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Robert  Harper

Trump and the Unspeakable?

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Posted (edited)
44 minutes ago, Michael Clark said:

TOP SECRET

13 October 1970

MEMORANDUM FOR THE RECORD

Subject: BAGELY, Tennant, Harrington

#386 38

1) On Wednesday, 7 October 1970 I briefed Colonel L. K. White, Executive  Director-Controller on certain reservations I have concerning the proposed promotion of subject to a supergrade position.

2)  I was very careful to explain to Colonel White at the outset that my reservations had nothing whatsoever to do with Bagely's security status. I explained that it was my conviction that Bagely was almost exclusively responsible for the manner in which the Nosenko case had been handled by our SR division. I said I considered that Bagely lacked objectivity and that he had displayed extremely poor judgment over a two year period in the handling of this case. Specifically as one example of Bagely's extreme prejudice I pointed out that the SR division had neglected to follow up several leads provided by Nosenko which subsequently had been followed up by this office (Bruce Solie) and that this lead us to individuals who have confess their recruitment and use by the Soviets over an extensive period of time.

3)  I explained further that Bagely displayed extremely poor judgment in the actions he took during that time that the Nosenko was incarcerated at ISOLATION. On many occasions, as the individual responsible for Nosenko's care, I refuse to condone subjects instructions to my people who are guarding him. In one instance Bagely insisted that and Nosenko's food ration be reduced to black bread and water three times daily. After I had briefed Colonel White, he indicated that he would refresh the Director's memory on Bagely's role in the Nosenko case at the time he reviews supergrade promotions. 

 

Howard J. Osborn

Director of Security

 

Yeah, Michael, I got that. 

Written in 1970, three years after (possible mole?) Richard Kovich and the Leonard McCoy - John Hart clutch had deviously subverted and controverted the true and accurate work and conclusions of Bagley, Scotty Miler, JJA, et al., regarding false defector Yuri Nosenko.

BFD  (Bunk Finely Disseminated)

You are aware, aren't you, that former Army Intelligence analyst John Newman, author of Oswald and the CIA, has read Bagley's works and is sufficiently impressed by them to have given some presentations based on Spy Wars and Spymaster (the latter co-written with former KGB general, Sergei Kondrashev), and has even been able to convince the Venerable Bede, himself -- Peter Dale Scott -- that Nosenko was a false defector?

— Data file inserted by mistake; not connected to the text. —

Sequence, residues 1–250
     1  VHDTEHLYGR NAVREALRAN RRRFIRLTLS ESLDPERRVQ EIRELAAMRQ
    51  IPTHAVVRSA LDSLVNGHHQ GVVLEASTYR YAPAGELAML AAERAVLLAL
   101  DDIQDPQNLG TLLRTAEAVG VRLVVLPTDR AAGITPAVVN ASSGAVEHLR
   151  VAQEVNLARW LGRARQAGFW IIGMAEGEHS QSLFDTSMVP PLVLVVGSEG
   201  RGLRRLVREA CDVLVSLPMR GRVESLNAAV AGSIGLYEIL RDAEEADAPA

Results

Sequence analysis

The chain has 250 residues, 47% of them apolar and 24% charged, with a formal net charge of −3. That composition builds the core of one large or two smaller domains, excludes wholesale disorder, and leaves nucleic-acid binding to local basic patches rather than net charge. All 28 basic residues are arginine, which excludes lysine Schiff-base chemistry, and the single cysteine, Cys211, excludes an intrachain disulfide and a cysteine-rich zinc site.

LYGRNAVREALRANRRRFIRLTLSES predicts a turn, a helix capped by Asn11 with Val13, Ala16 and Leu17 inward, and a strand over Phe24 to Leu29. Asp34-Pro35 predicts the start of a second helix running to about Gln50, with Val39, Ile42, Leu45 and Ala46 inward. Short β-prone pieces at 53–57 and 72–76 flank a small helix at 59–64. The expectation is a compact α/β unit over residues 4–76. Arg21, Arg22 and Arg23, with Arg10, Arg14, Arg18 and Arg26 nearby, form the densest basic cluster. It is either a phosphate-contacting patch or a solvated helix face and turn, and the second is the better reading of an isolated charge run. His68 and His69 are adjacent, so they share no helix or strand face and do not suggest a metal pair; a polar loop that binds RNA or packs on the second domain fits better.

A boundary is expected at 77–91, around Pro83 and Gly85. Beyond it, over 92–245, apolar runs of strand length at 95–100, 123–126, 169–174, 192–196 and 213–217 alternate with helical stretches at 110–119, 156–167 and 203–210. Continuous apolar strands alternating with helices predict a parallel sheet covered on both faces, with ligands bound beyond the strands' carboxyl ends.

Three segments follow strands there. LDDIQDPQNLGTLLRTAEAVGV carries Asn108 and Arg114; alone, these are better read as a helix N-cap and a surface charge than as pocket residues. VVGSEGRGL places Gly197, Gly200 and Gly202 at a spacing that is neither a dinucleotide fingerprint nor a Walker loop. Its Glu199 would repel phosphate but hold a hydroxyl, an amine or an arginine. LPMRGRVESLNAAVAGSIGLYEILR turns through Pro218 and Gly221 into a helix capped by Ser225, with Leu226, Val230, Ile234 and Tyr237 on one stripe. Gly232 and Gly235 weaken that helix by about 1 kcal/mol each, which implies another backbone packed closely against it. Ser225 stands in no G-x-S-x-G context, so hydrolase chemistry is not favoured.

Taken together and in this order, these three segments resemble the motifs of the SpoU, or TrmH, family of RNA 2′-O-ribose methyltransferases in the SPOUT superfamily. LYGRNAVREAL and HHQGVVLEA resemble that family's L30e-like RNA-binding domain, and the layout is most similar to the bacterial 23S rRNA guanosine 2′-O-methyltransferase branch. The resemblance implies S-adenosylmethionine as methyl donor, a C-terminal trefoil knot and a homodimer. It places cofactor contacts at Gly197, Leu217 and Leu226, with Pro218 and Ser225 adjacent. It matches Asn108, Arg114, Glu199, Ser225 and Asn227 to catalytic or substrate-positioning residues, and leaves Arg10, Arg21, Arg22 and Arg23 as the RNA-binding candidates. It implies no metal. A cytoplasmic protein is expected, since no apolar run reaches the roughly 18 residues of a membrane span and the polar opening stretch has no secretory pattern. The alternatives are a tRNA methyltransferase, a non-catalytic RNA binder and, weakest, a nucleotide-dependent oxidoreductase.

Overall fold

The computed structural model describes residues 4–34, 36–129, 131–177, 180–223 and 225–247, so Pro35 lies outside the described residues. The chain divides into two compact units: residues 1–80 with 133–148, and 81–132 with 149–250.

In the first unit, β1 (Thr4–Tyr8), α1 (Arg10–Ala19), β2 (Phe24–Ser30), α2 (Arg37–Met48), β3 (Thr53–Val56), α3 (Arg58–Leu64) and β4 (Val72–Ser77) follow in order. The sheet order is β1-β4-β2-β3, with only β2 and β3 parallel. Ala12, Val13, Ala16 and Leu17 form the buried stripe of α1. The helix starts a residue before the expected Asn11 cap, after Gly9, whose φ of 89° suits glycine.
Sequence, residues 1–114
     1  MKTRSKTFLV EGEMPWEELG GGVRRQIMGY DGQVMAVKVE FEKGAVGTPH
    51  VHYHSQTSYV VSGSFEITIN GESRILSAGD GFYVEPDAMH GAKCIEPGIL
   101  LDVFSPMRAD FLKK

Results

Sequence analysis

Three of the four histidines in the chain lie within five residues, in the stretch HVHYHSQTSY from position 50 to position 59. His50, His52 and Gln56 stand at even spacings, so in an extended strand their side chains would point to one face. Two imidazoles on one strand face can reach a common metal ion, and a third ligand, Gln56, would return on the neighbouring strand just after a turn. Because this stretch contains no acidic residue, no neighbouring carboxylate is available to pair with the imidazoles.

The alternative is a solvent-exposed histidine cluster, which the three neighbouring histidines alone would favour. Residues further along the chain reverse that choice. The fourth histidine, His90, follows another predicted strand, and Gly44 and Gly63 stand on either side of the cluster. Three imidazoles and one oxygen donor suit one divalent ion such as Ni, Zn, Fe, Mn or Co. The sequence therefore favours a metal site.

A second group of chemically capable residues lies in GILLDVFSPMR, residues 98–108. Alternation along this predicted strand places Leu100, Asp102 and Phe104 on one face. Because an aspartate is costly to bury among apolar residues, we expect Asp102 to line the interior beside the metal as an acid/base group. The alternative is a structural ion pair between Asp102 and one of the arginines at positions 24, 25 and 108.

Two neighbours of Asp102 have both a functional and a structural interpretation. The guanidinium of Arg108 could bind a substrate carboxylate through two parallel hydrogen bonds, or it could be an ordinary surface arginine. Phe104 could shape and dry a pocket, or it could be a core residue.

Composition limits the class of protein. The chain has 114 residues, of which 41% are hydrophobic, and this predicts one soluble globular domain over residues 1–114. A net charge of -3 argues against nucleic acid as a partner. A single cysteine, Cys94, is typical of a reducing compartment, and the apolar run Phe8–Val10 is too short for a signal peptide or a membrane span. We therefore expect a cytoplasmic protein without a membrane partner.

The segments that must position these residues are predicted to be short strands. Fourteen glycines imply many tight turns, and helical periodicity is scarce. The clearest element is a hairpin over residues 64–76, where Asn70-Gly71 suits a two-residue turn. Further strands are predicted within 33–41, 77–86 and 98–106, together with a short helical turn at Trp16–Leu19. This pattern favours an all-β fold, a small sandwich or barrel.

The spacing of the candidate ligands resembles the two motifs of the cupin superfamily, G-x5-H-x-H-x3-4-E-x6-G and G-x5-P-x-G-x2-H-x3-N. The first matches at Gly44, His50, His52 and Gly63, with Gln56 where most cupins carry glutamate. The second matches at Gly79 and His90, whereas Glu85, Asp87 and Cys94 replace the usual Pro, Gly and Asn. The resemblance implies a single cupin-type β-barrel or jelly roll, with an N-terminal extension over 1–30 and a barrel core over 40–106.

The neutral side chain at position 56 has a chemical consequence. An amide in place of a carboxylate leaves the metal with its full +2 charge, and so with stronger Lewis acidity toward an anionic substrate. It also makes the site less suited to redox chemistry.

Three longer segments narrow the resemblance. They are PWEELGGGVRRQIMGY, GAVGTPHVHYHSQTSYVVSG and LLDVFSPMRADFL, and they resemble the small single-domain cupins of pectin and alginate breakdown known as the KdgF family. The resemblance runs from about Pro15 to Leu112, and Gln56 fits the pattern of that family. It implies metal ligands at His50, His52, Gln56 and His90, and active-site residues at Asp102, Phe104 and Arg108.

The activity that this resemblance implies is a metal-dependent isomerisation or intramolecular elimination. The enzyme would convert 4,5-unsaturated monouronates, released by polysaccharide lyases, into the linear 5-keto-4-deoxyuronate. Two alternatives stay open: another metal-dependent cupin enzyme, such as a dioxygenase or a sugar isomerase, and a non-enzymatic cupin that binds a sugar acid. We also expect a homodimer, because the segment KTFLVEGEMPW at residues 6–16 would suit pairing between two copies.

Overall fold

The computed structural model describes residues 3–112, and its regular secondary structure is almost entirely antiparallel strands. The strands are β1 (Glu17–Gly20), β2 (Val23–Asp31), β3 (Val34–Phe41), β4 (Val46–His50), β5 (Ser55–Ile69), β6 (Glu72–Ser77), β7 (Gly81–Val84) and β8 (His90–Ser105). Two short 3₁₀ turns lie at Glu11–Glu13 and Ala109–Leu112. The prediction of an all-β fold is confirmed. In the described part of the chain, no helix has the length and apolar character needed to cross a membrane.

In retrospect, then, given the situation that Bagley, Miler, and JJA, et al., were in vis-a-vis a possibly "programmed" Nosenko (who almost "broke" once btw), one could reasonably and humanely say that their subjecting him to a rather austere living environment, and ... gasp ... questioning him over and over again on certain points, and maybe even ... gasp ... doing so at all hours of the night and day, ... was justified, yes?

 

I'll try to find and post here Bagley's detailed refutation of the "torture" claims, so in the meantime, why don't you just take an extra dose of that Gas-Ex , Michael?

Because in my humble opinion, you're really starting to stink the place up.

 

--  T.G.

 

 

 

Edited by Thomas Graves

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Another example of baiting. 

 

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Posted (edited)
3 minutes ago, Thomas Graves said:

Yeah, Michael, I got that. .....

............

 

........so why don't you take that Gas-Ex in the meantime, Michael?

Because in my humble opinion, you're really starting to stink the place up.

 

--  T.G.

 

 

 

Noted and reported...

Edited by Michael Clark

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Posted (edited)
11 minutes ago, Michael Clark said:

Noted and reported...

 

Good on you, Michael!

 

By the way, are you still counting the number of my edits?

(Talk about a full-time job!)

I feel badly about "baiting" you unto doing that, but hey, that's what The Agency told me to do ...

 

--  T.G.

 

Edited by Thomas Graves

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Posted (edited)

What does any of this have to do with (admittedly corrupt, but hey what do you expect after 70 years of institutionalized cronyism?) Yeltsin's retaining a couple of American political advisers in 1996 to help to help him spiff up his image and improve the palatability of his message in an election campaign?

This reflects the fact that you either are being deliberately obtuse, or you really did not understand my post above.  I have a real hard time thinking the latter.

I quoted the one of the founding fathers of the MSM about what happened in Russia and I detailed several instances of what I objected to with our backing of Yeltsin e.g. that is the killing of hundreds of innocent people through the bombing of the Russian Parliament; the hijacking of the country's internal processes and the overturning of a judicial decision; and the meltdown of tens of billions of a nation's wealth to the benefit of a very select few, including George Soros.

I then paralleled that pattern with other instances.  To show why I object to this kind of intervention. Since it is a part of a pernicious American pattern.

And then you say "Your buddy Stalin".

Good Bye TG.  What you are doing here and why is something that is not worth pondering.  It certainly has nothing to do with what happened to Kennedy. 

Edited by James DiEugenio

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Posted (edited)
8 hours ago, Paz Marverde said:

Thank you very much for these words 

You are welcome Paz.